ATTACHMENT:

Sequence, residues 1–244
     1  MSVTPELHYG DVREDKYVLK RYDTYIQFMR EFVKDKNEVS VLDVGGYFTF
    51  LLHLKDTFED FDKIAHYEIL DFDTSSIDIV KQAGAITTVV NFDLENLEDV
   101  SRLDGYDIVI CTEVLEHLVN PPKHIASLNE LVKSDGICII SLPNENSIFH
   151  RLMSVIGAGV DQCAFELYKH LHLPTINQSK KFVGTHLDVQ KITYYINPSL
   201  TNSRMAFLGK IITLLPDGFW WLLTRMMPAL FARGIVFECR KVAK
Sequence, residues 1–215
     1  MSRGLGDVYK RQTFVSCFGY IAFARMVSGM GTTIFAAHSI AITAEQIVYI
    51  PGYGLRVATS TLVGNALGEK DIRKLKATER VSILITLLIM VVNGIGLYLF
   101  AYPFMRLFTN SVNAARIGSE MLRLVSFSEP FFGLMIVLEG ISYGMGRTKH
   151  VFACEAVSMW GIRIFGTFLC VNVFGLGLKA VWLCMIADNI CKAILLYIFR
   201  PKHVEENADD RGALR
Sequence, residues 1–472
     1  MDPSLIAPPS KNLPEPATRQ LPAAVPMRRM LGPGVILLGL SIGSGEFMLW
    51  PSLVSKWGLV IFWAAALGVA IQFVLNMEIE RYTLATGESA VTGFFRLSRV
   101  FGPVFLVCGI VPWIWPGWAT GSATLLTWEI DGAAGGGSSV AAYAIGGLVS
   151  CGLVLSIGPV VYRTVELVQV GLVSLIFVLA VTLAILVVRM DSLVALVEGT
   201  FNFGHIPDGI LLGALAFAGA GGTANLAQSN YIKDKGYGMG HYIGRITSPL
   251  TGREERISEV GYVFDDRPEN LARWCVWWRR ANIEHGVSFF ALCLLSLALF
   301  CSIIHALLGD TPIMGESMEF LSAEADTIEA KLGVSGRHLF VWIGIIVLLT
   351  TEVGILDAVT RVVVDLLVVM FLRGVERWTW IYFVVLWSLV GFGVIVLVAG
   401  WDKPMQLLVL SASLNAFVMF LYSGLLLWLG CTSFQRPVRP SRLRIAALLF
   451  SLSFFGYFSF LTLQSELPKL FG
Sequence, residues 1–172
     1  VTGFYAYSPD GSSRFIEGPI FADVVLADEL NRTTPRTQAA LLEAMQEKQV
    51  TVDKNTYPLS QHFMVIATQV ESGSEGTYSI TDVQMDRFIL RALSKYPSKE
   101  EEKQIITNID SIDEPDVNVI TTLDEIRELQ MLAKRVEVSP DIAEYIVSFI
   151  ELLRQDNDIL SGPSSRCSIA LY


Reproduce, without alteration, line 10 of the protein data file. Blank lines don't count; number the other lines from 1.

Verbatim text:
   101  AYPFMRLFTN SVNAARIGSE MLRLVSFSEP FFGLMIVLEG ISYGMGRTKH